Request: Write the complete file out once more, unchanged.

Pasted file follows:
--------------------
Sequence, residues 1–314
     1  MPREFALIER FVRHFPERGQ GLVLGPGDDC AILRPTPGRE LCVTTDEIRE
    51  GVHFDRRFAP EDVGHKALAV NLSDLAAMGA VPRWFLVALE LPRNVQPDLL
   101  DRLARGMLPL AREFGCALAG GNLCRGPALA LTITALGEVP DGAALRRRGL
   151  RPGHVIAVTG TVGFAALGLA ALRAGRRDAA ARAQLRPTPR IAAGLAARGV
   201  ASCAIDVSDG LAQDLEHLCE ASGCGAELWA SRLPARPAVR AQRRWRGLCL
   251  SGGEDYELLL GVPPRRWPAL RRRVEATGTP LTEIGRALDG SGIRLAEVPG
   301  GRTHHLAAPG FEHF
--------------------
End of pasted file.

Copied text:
Sequence, residues 1–314
     1  MPREFALIER FVRHFPERGQ GLVLGPGDDC AILRPTPGRE LCVTTDEIRE
    51  GVHFDRRFAP EDVGHKALAV NLSDLAAMGA VPRWFLVALE LPRNVQPDLL
   101  DRLARGMLPL AREFGCALAG GNLCRGPALA LTITALGEVP DGAALRRRGL
   151  RPGHVIAVTG TVGFAALGLA ALRAGRRDAA ARAQLRPTPR IAAGLAARGV
   201  ASCAIDVSDG LAQDLEHLCE ASGCGAELWA SRLPARPAVR AQRRWRGLCL
   251  SGGEDYELLL GVPPRRWPAL RRRVEATGTP LTEIGRALDG SGIRLAEVPG
   301  GRTHHLAAPG FEHF